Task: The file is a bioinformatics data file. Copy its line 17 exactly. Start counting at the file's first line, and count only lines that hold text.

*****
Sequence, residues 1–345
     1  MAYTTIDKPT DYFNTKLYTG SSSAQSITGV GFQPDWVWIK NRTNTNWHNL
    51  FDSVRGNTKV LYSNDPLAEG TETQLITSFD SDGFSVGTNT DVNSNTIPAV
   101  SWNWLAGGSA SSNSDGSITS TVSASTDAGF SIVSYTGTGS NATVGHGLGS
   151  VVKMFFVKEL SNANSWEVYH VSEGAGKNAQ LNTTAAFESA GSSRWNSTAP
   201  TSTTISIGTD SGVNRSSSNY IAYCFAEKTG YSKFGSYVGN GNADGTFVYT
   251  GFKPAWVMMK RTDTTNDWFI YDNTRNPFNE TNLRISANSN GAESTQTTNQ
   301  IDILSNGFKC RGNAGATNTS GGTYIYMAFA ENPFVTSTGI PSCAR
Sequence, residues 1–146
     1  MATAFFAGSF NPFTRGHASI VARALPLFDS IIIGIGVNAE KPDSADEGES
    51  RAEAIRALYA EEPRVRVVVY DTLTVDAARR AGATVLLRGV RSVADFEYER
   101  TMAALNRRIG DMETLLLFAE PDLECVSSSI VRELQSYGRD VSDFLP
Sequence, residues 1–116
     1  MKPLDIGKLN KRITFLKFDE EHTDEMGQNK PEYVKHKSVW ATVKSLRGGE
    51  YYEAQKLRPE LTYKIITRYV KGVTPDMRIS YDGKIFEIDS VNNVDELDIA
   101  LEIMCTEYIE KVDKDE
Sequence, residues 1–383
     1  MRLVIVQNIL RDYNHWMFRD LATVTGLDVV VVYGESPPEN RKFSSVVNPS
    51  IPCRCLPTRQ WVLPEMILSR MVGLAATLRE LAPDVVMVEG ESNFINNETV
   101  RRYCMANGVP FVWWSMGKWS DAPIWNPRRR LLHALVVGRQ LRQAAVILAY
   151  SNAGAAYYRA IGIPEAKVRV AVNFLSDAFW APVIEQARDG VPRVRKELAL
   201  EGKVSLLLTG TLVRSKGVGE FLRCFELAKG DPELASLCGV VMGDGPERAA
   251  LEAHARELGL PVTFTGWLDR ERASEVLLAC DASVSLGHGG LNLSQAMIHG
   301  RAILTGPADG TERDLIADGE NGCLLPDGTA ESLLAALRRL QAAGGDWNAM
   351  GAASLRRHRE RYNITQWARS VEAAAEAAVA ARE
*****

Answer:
Sequence, residues 1–383